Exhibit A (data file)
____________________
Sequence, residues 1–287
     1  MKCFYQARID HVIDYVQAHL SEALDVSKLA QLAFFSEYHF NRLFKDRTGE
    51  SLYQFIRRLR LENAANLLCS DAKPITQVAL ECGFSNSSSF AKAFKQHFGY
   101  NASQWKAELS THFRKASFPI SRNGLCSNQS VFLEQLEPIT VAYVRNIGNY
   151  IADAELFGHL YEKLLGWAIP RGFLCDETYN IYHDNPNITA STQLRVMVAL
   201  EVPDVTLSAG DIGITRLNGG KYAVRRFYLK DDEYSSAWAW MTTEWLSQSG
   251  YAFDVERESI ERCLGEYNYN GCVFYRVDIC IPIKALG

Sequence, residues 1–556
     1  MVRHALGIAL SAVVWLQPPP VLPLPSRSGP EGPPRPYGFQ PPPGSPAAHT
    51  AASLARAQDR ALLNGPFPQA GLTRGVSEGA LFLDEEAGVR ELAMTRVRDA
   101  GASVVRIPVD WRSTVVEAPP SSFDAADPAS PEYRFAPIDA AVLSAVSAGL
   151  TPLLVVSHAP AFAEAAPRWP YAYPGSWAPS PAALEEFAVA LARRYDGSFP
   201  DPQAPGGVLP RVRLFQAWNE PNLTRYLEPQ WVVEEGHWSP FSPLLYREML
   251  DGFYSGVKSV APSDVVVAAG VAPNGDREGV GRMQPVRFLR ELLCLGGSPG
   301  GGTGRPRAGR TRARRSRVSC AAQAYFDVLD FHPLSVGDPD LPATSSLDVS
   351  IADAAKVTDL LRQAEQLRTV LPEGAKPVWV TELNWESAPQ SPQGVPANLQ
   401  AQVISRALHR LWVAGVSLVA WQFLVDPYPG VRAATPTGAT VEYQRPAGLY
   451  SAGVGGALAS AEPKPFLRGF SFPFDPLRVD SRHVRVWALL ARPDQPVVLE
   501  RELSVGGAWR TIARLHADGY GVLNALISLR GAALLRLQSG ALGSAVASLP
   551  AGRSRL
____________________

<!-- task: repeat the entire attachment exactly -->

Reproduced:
Sequence, residues 1–287
     1  MKCFYQARID HVIDYVQAHL SEALDVSKLA QLAFFSEYHF NRLFKDRTGE
    51  SLYQFIRRLR LENAANLLCS DAKPITQVAL ECGFSNSSSF AKAFKQHFGY
   101  NASQWKAELS THFRKASFPI SRNGLCSNQS VFLEQLEPIT VAYVRNIGNY
   151  IADAELFGHL YEKLLGWAIP RGFLCDETYN IYHDNPNITA STQLRVMVAL
   201  EVPDVTLSAG DIGITRLNGG KYAVRRFYLK DDEYSSAWAW MTTEWLSQSG
   251  YAFDVERESI ERCLGEYNYN GCVFYRVDIC IPIKALG

Sequence, residues 1–556
     1  MVRHALGIAL SAVVWLQPPP VLPLPSRSGP EGPPRPYGFQ PPPGSPAAHT
    51  AASLARAQDR ALLNGPFPQA GLTRGVSEGA LFLDEEAGVR ELAMTRVRDA
   101  GASVVRIPVD WRSTVVEAPP SSFDAADPAS PEYRFAPIDA AVLSAVSAGL
   151  TPLLVVSHAP AFAEAAPRWP YAYPGSWAPS PAALEEFAVA LARRYDGSFP
   201  DPQAPGGVLP RVRLFQAWNE PNLTRYLEPQ WVVEEGHWSP FSPLLYREML
   251  DGFYSGVKSV APSDVVVAAG VAPNGDREGV GRMQPVRFLR ELLCLGGSPG
   301  GGTGRPRAGR TRARRSRVSC AAQAYFDVLD FHPLSVGDPD LPATSSLDVS
   351  IADAAKVTDL LRQAEQLRTV LPEGAKPVWV TELNWESAPQ SPQGVPANLQ
   401  AQVISRALHR LWVAGVSLVA WQFLVDPYPG VRAATPTGAT VEYQRPAGLY
   451  SAGVGGALAS AEPKPFLRGF SFPFDPLRVD SRHVRVWALL ARPDQPVVLE
   501  RELSVGGAWR TIARLHADGY GVLNALISLR GAALLRLQSG ALGSAVASLP
   551  AGRSRL